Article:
Kale Monroe, of Castalia, IA, has seen a lot of acres come and go in more than 20 years of custom farming for his neighbors.
With seasonal help from his father, Lloyd, and others, Monroe runs his custom fleet of six tractors, three planters, three balers and two combines over about 7,500 acres of Iowa cropland every year.
A good portion of the land is hay, but 2,500 acres are row crops, where he often plants and harvests corn and soybeans for the same farmer-customers.
"When you harvest on this many farms, each with different hybrids, different seed sizes and different field conditions, you get a pretty good idea of how taking some extra steps at planting can improve stands and yields," says Monroe.
"We think we space it as accurately as anybody," he adds. "But we had to learn some key things over the years - like slowing down and running at the right speed for the plant population, adjusting for seed size changes when switching hybrids and keeping row units in top condition."
Excessive planting speed can be a yield killer, according to Monroe, planter engineers and university research.
"I picked up a new customer last year who was very particular about planting at the right speed," recalls Monroe. "He got in the cab with me and rode across the field while I was planting his corn. He said he checked the Internet to see what the best planting speed was for accurate spacing and found it to be 4.6 mph. When he looked over at the speedometer, that's exactly what I was doing."
To maintain optimum speed for uniform stands, Monroe's secret is to eye the planter monitor more than the tractor speedometer.
"You can see it on the monitor," he explains. "When you go too fast your plant population goes down, and you know your ground speed needs adjusting."
Monroe advises growers not to go overboard, though. "Slower speeds produce more accurate stands, but you can go so slow you won't get the job done."
Gary Hamilton, White planter engineer, suggests this rule of thumb: One mile an hour per inch of plant spacing. For example, if you have 5" between corn plants for your target plant population, you can drive 5 mph and maintain spacing accuracy.
"That's in a perfect and level seedbed," Hamilton cautions. "Make sure you slow down more for rough and uneven fields. The more the row units are bounced around by uneven soil, the more uneven your stand is going to be with any planter."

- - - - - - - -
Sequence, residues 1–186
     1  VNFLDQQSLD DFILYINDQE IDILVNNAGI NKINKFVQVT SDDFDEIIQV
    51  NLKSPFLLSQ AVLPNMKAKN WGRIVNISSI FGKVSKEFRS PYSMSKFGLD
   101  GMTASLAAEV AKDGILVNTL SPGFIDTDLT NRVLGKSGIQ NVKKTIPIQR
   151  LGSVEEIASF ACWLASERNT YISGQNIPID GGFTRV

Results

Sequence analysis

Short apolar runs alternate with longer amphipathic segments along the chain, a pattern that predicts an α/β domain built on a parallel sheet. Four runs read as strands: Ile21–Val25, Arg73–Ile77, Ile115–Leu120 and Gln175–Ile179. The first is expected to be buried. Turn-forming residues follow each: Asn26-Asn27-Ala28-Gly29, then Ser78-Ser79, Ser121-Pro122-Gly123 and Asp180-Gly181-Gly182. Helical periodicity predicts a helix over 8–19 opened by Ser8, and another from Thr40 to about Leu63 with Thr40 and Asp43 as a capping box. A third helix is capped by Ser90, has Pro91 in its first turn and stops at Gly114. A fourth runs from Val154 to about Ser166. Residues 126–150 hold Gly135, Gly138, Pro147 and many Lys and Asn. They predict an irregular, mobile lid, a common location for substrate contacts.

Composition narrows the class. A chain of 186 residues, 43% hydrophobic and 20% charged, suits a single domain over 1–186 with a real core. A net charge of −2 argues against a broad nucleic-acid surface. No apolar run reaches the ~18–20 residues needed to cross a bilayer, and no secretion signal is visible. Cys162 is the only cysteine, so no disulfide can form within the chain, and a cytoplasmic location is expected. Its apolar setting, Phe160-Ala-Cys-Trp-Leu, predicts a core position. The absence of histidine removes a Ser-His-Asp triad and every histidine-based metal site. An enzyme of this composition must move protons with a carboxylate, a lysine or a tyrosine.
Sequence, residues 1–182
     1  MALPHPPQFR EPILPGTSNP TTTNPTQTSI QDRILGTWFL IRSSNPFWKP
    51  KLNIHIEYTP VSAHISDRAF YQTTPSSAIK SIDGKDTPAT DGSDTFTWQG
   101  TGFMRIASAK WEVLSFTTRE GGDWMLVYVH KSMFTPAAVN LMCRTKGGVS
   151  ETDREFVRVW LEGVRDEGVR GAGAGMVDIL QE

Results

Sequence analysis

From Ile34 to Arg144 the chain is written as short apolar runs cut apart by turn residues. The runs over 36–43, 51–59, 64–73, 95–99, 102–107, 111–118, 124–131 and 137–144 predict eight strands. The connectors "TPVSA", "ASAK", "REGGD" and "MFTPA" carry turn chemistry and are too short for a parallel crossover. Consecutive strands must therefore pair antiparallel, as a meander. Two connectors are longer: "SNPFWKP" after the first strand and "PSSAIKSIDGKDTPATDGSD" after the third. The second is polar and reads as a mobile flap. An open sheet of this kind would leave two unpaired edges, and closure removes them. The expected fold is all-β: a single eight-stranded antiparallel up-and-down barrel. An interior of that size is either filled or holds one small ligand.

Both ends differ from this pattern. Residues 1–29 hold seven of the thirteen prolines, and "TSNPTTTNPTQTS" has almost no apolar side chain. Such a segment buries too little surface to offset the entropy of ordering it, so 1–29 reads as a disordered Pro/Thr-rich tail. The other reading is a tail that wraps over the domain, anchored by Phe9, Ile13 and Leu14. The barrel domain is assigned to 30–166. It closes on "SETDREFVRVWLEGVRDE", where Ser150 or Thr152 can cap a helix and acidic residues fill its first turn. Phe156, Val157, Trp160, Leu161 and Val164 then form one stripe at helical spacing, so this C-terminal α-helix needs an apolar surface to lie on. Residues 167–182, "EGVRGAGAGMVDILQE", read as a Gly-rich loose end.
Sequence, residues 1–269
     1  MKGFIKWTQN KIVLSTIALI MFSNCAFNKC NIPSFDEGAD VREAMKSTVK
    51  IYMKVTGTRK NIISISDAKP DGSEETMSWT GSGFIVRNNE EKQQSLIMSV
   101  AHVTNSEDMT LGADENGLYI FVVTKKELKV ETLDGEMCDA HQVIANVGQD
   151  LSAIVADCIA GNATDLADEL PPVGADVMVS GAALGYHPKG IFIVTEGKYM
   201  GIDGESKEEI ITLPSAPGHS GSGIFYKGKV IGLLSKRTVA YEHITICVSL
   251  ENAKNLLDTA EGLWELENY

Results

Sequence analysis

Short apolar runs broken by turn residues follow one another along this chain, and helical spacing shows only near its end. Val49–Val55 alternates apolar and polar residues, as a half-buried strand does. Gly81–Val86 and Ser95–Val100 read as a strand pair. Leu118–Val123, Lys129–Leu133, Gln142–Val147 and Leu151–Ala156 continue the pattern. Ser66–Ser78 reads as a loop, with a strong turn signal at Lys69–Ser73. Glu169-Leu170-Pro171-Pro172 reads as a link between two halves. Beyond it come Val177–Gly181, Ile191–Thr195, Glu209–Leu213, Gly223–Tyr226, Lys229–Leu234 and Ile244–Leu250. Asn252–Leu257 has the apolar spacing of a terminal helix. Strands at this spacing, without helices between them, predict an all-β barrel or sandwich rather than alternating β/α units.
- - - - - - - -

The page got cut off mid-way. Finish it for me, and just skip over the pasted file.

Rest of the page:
Monroe says a five-second planter adjustment when seed size changes can also make the difference between a uniform stand and one with skips or bunches that cut yield.
"Every brand of corn has a medium seed, but from one hybrid to the next, the size often changes," he says. "We have learned to adjust air pressure for those changes because kernel weight and density have changed."
To offer his customers more options on row widths, Monroe operates three planters, all with positive air pressure. He believes that correct air pressure and small adjustments are key factors to uniform spacing.
"Too much pressure, you get doubles; too little pressure, you get skips," he says. "When you start out in the morning, the hydraulics are cold and it may take 45 minutes for the system to get back to where it was yesterday when you quit. So you need to adjust air pressure to keep accuracy up."
To adjust air pressure from the cab, Monroe added a special air-pressure control unit that attaches to the adjustment valve on his planter. He also installed an air-pressure gauge beside the planter monitor to constantly measure pressure on the go and adjust to minor changes in seed size during planting.
"I watch the monitor and if the population goes up or down, depending on seed size, I can flip a switch and get pressure back to exactly where I want it."
Monroe's extra care doesn't stop at the end of planting season. He air cleans each row unit and seed-metering device and inspects them for wear. Then he lightly installs them so brushes aren't tight or under pressure during the off season.
According to this custom operator, taking extra precautions at planting pays extra dividends at harvest. "You can see the difference in uniform stands and better yields," he says.